Leaf-Spine Architecture, Fat Tree, Folded Clos

An architecture for Data Center networks that is gaining popularity for its scalability properties.

Servers are connected to "leaf" switches. These are often arranged as "top-of-rack" or ToR switches. In a redundant setup, each server connects to two leaf switches.

Each leaf switch has connections to all "spine" switches. The spine switches aren't connected directly to each other. Any packet from a given server to another server in another rack goes through the sending server's leaf, then one of the spine switches, then the receiving server's leaf switch. equal-cost multipath routing is used to distribute traffic across the set of spine switches.


Advantages of the Leaf-Spine Architecture

Compared with earlier data center network architectures such as Three-Tier, leaf-spine networks can "scale out" to fairly large numbers of servers by adding more switches. Both the leaf and the spine switches can be relatively simple and non-modular switches based on "merchant silicon" chipsets. These switches tend to be inexpensive and efficient in terms of delay and power consumption.

Limitations of the Leaf-Spine Architecture

Traffic forwarding through a leaf-spine network needs to be able to make use of multiple paths. Traditional Ethernet forwarding based on Spanning Trees cannot do this. In the Layer-2 approach, the Ethernet forwarding model is enhanced to support multiple paths, for example using protocols such as TRILL. In the "overlay" approach, traffic is forwarded across the leaf-spine fabric using Layer-3 (IP) routing. Where transparent Layer-2 connectivity is required between servers (either physical, or virtual machines running on them), Ethernet frames are encapsulated in IP packets using protocols such as GRE, VXLAN, STT or similar.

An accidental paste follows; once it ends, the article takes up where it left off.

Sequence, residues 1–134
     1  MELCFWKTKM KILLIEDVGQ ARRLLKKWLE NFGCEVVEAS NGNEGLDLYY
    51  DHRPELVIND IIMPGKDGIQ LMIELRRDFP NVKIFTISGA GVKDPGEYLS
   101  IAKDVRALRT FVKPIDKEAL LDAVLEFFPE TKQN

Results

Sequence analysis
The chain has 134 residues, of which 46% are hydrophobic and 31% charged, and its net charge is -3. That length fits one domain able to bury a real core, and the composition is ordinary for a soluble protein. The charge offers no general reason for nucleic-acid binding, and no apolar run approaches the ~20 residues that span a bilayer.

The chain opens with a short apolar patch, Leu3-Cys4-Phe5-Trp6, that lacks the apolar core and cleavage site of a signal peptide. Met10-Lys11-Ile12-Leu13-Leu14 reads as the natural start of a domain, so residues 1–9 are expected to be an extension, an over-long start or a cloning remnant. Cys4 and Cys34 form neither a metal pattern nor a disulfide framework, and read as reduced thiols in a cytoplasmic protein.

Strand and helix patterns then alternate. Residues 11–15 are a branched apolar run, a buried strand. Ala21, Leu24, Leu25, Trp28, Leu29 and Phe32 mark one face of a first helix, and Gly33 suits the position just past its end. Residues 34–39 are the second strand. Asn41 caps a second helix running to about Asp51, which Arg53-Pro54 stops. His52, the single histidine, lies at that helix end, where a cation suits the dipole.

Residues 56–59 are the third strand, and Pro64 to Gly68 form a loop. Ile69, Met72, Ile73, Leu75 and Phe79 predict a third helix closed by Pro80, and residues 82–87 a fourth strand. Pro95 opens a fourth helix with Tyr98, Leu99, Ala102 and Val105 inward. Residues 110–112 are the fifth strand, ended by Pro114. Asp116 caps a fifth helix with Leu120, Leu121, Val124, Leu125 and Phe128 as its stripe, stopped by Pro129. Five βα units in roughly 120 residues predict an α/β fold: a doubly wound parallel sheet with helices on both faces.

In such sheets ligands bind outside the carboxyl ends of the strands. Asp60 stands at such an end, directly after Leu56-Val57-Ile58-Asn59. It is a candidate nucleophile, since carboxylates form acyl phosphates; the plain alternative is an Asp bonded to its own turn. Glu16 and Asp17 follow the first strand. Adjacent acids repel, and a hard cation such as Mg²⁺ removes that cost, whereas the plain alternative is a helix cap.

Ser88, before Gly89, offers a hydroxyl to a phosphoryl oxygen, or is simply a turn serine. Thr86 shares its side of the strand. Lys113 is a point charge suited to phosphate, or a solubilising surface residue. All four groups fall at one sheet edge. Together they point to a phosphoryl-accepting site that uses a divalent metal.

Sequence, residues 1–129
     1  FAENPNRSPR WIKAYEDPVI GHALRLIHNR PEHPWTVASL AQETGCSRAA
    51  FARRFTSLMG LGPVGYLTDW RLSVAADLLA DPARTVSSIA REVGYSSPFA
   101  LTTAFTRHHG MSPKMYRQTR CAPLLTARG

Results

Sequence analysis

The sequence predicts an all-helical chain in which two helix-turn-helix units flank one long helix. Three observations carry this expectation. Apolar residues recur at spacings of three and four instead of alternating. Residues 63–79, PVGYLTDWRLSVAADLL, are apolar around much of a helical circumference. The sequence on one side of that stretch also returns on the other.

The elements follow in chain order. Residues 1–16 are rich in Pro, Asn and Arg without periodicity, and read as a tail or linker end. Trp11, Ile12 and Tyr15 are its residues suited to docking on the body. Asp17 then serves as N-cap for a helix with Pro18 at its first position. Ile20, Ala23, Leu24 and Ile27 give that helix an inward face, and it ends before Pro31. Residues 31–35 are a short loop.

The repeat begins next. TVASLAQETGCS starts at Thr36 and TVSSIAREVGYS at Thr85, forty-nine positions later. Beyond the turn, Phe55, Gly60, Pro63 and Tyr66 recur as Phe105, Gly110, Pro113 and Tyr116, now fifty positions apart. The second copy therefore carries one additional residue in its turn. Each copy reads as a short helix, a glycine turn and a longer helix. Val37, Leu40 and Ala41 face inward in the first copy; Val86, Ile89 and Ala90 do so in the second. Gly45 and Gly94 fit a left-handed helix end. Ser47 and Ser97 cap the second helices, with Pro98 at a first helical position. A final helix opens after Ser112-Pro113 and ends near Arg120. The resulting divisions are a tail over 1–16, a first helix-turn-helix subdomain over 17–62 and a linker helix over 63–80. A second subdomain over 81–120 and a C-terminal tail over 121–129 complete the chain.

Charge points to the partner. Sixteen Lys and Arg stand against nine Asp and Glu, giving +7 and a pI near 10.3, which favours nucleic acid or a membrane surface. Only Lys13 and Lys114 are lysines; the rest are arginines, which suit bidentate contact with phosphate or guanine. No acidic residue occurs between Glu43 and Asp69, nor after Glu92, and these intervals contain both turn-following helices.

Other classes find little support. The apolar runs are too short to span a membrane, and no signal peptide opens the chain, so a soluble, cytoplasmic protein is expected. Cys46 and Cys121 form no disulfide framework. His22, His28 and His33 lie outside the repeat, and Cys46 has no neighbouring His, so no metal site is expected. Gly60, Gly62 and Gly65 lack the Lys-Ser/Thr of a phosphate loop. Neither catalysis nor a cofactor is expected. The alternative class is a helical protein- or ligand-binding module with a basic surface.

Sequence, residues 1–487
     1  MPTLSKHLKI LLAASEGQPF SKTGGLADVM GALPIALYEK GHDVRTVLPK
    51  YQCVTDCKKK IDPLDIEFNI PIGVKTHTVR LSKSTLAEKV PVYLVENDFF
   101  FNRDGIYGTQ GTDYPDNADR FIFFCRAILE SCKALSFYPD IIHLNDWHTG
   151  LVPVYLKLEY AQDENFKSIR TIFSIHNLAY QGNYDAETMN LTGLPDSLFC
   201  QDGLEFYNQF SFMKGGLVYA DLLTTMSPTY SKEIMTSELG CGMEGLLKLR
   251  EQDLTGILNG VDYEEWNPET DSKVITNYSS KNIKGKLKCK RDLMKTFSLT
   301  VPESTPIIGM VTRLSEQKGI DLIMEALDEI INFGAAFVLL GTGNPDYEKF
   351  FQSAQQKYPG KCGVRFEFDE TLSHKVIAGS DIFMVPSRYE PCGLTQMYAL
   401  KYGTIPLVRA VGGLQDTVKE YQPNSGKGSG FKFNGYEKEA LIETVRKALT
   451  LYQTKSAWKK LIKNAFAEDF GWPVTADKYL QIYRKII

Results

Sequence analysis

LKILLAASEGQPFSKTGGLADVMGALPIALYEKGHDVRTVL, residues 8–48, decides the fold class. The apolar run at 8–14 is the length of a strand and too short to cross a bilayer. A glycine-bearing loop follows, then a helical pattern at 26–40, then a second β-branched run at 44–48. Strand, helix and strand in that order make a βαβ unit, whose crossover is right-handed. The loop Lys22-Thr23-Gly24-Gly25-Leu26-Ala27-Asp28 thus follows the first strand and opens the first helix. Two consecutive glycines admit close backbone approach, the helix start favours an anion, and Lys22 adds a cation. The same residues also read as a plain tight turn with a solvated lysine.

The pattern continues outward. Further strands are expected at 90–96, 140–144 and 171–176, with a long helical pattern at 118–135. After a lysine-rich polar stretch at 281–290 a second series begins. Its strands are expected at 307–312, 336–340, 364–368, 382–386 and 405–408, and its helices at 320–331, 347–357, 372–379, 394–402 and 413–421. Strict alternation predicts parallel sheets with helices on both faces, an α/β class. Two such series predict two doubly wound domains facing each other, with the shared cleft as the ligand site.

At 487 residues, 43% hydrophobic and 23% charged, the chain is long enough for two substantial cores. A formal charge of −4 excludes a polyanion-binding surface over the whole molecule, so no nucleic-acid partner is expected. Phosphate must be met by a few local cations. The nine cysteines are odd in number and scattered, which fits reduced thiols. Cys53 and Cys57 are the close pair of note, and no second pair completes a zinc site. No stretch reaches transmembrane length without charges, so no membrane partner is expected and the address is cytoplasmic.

In the traditional three-tier data center network architecture, aggregation switches are relatively complex modular systems, which provide a natural place for additional functionality such as firewalls etc. The simple switches used in typical leaf-spine networks doesn't support such sophisticated processing. Where such functions are needed, they need to be implemented somewhere else. Often they are moved more towards the edge, i.e. inside the servers or hypervisors.

-- SimonLeinen - 2014-12-30

Topic revision: r1 - 2014-12-30 - SimonLeinen
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